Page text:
The straight line movement in the direction X explained above enables the light source 8 to be defocused with respect to the reflector 6. The main effect of this is to produce a very substantial attenuation in the net cut-off which is obtained in the dipped beam position PC of the reflector 6, and to ensure homogeneous distribution of the light within a horizontal band which is quite extensive but relatively narrow. The distribution of light and the contour of the main beam corresponds to a standard European main beam. In the dipped beam position PC, the beam is cut at the height prescribed by law. As to the movement in vertical translation, this raises the whole of the light which is distributed in the above way, in order that the main beam will be emitted at the height appropriate to the road.
The cam 12 consists of a first cam member 20 and a second cam member 22. With reference now to FIGS. 2, 3 and 4, these show diagrammatically how this cam 12 operates. FIGS. 2 and 3 show the reflector 6, the cam 12 with its first member 20 and second member 22, and the fixed base plate 10. The second cam member 22 is secured rigidly to the reflector 6. The first cam member 20 is rotatable with respect to the fixed base plate 10, about the axis X. The first cam member 20 and second cam member 22 each consist of an annular ring, having a central zone which is formed as a through hole so as to constitute a passage 19 for the lamp 18.
Each of these rings has two main faces which are substantially at right angles to the axis X. A first main face of the first cam member 20 is in contact with the fixed base plate 10. The first main face of the first cam member 20 is orientated collinearly with the axis X, in the direction of projection of the light beam. This second face is formed with a first ramp 24. The first ramp 24 defines a camming surface in the form of a circular arc around the passage 19. This camming surface is displaced away from a plane at right angles to the axis X, in the clockwise direction when viewed towards the second main face.
One of the two main faces of the annular ring constituting the second cam member 22 is fixed to the reflector 6. The other main face is provided with a second ramp 26. This second ramp 26 defines a camming surface in the form of a circular arc around the passage 19. This last mentioned camming surface is spaced away from a plane at right angles to the axis X in the clockwise direction looking towards the face which includes the second ramp 26.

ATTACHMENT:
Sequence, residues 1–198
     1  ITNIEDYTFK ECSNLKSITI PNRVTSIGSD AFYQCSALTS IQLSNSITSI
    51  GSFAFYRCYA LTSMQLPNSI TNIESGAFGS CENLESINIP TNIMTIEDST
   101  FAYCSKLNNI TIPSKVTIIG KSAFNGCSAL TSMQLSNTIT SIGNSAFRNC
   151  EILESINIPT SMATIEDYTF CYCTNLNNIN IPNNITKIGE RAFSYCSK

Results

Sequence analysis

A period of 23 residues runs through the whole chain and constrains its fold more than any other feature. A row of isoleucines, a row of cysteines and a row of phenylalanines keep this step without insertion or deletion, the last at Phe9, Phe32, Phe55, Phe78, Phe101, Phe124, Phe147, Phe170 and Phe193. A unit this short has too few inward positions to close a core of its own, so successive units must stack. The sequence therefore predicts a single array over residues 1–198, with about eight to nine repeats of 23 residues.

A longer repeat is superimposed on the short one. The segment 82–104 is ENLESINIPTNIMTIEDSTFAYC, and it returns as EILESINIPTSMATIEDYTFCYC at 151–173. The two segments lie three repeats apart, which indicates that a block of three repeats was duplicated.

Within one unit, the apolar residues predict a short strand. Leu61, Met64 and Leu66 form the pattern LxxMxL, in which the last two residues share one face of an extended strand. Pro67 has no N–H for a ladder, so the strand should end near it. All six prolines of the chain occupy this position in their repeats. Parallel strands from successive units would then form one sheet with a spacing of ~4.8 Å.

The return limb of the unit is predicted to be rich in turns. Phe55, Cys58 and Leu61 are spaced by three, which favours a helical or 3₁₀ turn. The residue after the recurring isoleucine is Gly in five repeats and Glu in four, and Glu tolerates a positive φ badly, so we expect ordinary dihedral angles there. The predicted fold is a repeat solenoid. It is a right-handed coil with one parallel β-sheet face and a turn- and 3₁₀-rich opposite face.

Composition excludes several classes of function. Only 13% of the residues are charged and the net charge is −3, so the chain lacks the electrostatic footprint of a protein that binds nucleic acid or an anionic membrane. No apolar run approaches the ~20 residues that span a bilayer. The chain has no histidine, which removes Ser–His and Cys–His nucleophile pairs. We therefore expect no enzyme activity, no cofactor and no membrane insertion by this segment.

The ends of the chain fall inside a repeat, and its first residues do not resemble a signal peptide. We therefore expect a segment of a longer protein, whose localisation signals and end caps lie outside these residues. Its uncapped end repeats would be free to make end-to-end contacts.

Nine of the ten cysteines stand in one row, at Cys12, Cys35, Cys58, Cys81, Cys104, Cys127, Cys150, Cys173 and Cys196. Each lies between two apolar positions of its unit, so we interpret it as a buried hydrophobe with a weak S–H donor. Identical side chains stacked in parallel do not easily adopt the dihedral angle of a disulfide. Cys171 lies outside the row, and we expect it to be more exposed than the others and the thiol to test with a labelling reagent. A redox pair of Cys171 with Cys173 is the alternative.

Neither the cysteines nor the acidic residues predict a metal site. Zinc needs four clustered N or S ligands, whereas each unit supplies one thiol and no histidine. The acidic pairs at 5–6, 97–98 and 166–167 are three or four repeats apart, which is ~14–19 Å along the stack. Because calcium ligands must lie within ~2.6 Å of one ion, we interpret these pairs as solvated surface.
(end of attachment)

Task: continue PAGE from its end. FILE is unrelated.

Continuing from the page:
The respective camming surfaces of the first ramp 24 and second ramp 26 are in engagement with each other and are able to slide against each other. Thus as shown in FIG. 2, when the first cam member 20 rotates about the axis X in the anticlockwise direction (looking towards the face of the first cam member 20 which has the first ramp 24), with respect to the second cam member 22, the first cam member 20 displaces the second member 22 in straight line movement along the axis X and away from the first cam member 20.
Conversely and as shown in FIG. 3, when the first cam member 20 rotates about the axis X in the clockwise direction looking towards the face of the first cam member 20 that has the first ramp 24, with respect to the second cam member 22, the first member 20 and the second member 22 move towards each other. The second member 22 has an abutment 28 for preventing rotation of the first member 20 in that direction.
As shown in FIG. 4, the first member 20 includes, at the periphery of the annular ring which it constitutes, an arcuate toothed sector 29, the teeth of which are radial. These teeth are arranged to cooperate with a toothed wheel 30 which is fixed to a micromotor 33, which can be seen in FIGS. 5 and 6 but which is not shown in FIG. 4. In this way the micromotor 33 drives the first cam member 20 in rotation about the axis X.
Reference is now made to FIGS. 5 and 6, which show one example of a headlight in accordance with the present invention. FIG. 5 is an assembled perspective view, whereas in FIG. 6 the individual components can be seen.
As shown in FIG. 6, in this type of headlight 1, a succession of components is assembled along the axis X in the direction of projection of the beams produced by the headlight 1. These components consist, respectively, of the lamp 18, the fixed base plate 10, the first cam member 20, the second cam member 22, the reflector 6, and a mask or occulter 34. The reflector 6 has three lugs 36 on which are screwed three screws 38 for connecting the second cam member 22 rigidly to the reflector 6. The second cam member 22 has three ears 40, each of which has two through holes 41, 42. One of these, namely the hole 41, takes one of the screws 38 by which the second cam member 22 is fastened on the reflector 6. The other hole in each lug, namely the hole 42, retains the reflector 6 on the fixed base plate 10 by virtue of threaded rods 43 and springs 44.